Table Six certainly didn't embody the worst of humanity, by any means, but she sure left an impression. She was an Australian visiting her friend here in Savannah. She was slight, and her head was covered with a silk scarf. The whole potentially dying of cancer aspect of her softened the blow of our incredibly uncomfortable interaction. She was vacillating between the vegetarian plate and our local steamer clams - two vastly different dishes. I recommended the clams, but admitted it wasn't the healthier of the two options. As I stood at her table, answering her questions, poised to write down her order as soon as she made her decision, she reached her hand out and patted me on my tummy as she said, "Well you can eat anything you like since you're eating for two."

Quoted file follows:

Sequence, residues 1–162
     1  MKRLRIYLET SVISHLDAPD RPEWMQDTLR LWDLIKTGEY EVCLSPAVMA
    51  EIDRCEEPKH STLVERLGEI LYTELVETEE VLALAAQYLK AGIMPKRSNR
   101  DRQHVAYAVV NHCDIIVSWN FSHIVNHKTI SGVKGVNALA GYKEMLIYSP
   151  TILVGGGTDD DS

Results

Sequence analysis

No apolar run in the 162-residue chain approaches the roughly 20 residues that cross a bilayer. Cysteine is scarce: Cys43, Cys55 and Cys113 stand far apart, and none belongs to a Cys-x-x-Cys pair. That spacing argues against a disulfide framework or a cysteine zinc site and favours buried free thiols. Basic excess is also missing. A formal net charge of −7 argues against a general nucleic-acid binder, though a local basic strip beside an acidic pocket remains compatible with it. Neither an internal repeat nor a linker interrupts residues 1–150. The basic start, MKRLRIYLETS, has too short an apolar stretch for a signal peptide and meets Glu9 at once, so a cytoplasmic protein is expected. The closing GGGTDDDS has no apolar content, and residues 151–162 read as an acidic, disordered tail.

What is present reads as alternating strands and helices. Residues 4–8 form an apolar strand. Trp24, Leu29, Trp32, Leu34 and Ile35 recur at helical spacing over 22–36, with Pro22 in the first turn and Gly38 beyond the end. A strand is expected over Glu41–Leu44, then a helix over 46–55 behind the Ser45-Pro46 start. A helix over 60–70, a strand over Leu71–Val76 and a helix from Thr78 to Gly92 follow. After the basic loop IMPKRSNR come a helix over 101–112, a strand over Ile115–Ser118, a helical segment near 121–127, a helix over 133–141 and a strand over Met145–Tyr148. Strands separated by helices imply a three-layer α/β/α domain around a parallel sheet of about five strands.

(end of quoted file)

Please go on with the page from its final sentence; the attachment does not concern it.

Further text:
Be nice. She's dying of cancer.

I heard my mother's voice in my head. "Stand up straight, Anna." I looked at Table Six and, with my smile still on my face, said, "no, ma'am, that's just the result of my poor eating habits combined with my poor posture."

As I straightened my back, and sucked in my tummy, she smiled and said, "Oh, you're right. It does rather disappear now that you're standing up straight."

Every time I had to stop at her table she would say something like, "You really are quite slim," or, "Please, don't go changing your eating habits. You're really lovely."

Tip: $10.00 on $55.00.

Wednesday, January 29, 2014

Back Where We All Began

Holy moly! A loooong time has passed since my last entry. Why haven't I written, you may not be wondering? Well, frankly, things sucked for the last little while. Who wants to read about adventures that suck.